Second, the circular definition involved in "socially necessary". Marx realized that an expert works much faster than an incompetent, yet they both might make identical products. So the amount of labor in otherwise identical objects differs depending on who made it, but the prices are the same. Marx got round this by saying that what counts is the "socially necessary" labor needed to make it. And how much labor is socially necessary to make, say, a pizza? That depends on the market price of the pizza. If it sells for $10, then ten dollars worth of labor is the socially necessary amount.

We have a circular definition here. The market price of a good comes from how much socially necessary labor went into it, and how much labor is socially necessary comes from the market price of the good. Put another way, why doesn't the pizza cost $20, based on the labor of the guy who takes twice as long to make it? On the other hand, why doesn't it cost a buck, based on the labor of the expert who makes pizzas ten times as fast?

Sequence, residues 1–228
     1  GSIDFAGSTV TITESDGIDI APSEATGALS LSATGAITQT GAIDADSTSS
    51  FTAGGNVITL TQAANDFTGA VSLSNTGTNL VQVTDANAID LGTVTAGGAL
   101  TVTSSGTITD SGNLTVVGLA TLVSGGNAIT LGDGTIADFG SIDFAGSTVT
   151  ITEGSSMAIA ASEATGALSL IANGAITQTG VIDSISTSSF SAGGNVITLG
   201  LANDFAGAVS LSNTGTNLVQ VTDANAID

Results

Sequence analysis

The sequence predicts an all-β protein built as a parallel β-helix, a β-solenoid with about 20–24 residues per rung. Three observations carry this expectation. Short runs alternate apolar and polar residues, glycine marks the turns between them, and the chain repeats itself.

[Have a look at Gordon's book to see another variation of this fallacy that Marx makes.] 

Third, Marx admitted that in the real world, the Labor Theory of Value just doesn't work. He tried to weasel his way out of it, but has been shown to be mistaken. We refer the interested reader to Gordon's book.

Continued in Part Two.


  1. 20 year old wine and "properly aged beef" are "valuable" becuase it took the labor to age these things. The laborer must be sure not to have the wine turn to vinegar, or that the beef spoils. True, this seems like a trivial task, yet it accumulates to become a great burdensome task requiring great labor.